If you still have a lot of VHS tapes in your collection, consider a 2-in-1 option capable of both playing and recording your tapes to blank DVD media. Additionally, a unit that can play back homemade CDs and MP3 files can come in handy if you don't have a dedicated CD player at your disposal.

A Brief History Of DVD Players

The world’s first DVD player was the Toshiba SD-3000 released in November 1996. It was considered a revolutionary breakthrough in home video entertainment. The compatible discs made for this unit were approximately 12 centimeters in diameter and could store both digital audio and video content for playback.

By the end of 2003, nearly 1,000 different models of DVD player existed from over 100 electronic manufacturers.

DVD players were introduced to the United States consumer market beginning in 1997 with distribution limited to only several major cities at first. By the end of the year 2000, the cost for DVD player hardware dropped dramatically from over $1,000 to around $100. That same year, the Sony Corporation released the PlayStation 2 gaming console, which could play games developed specifically for the system along with retail DVD media, making it a big selling point for the masses. By the end of 2003, nearly 1,000 different models of DVD player existed from over 100 electronic manufacturers.

Following the success of the DVD player, the first prototype high-definition Blu-ray player was released in 2003 with continued development until 2006. This fueled the beginning of the HD format war between Sony's Blu-ray disc technology and Toshiba's HD-DVD format. Blu-ray ultimately prevailed and became the high-definition optical disc format of choice by 2008. Today's Blu-ray player advantage is its backward compatibility with the DVD format, giving consumers the ability to use their Blu-ray players as standard and high-definition playback devices at the same time.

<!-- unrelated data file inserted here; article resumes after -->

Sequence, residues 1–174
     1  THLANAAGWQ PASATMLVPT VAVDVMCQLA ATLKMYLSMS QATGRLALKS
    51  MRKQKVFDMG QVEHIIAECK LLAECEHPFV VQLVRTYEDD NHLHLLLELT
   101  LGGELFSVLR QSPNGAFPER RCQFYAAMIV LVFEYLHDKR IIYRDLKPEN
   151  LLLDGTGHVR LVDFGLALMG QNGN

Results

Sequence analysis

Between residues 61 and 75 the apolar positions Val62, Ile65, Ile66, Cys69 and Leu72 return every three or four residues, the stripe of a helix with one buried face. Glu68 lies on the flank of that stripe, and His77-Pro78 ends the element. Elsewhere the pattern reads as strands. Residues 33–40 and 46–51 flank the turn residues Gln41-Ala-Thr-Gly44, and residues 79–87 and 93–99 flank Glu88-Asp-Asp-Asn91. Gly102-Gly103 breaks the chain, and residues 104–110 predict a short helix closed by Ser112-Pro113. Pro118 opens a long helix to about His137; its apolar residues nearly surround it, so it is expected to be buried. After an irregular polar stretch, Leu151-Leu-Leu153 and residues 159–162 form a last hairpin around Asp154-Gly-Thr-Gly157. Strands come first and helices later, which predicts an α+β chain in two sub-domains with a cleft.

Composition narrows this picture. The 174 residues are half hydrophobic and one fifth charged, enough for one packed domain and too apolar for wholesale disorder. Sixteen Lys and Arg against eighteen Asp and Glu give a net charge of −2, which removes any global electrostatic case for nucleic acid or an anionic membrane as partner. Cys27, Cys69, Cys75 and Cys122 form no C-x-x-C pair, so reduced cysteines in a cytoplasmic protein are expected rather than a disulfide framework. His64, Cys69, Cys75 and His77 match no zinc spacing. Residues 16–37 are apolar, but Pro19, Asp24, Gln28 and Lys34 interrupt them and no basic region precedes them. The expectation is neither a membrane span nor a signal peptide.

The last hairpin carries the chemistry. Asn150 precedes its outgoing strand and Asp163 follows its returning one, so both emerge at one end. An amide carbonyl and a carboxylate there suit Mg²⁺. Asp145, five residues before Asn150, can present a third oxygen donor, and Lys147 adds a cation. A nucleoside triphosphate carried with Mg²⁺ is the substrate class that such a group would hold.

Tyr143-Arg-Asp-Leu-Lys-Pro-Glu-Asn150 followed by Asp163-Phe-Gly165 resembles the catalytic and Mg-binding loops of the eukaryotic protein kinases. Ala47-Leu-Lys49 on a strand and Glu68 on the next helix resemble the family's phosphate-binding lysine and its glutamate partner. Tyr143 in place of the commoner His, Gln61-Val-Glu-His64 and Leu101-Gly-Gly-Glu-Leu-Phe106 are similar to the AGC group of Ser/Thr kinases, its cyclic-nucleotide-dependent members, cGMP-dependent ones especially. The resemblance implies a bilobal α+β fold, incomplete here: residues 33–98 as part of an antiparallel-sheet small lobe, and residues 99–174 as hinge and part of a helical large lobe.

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Christopher Thomas
Last updated on February 15, 2020 by Christopher Thomas

Building PCs, remodeling, and cooking since he was young, quasi-renowned trumpeter Christopher Thomas traveled the USA performing at and organizing shows from an early age. His work experiences led him to open a catering company, eventually becoming a sous chef in several fine LA restaurants. He enjoys all sorts of barely necessary gadgets, specialty computing, cutting-edge video games, and modern social policy. He has given talks on debunking pseudoscience, the Dunning-Kruger effect, culinary technique, and traveling. After two decades of product and market research, Chris has a keen sense of what people want to know and how to explain it clearly. He delights in parsing complex subjects for anyone who will listen -- because teaching is the best way to ensure that you understand things yourself.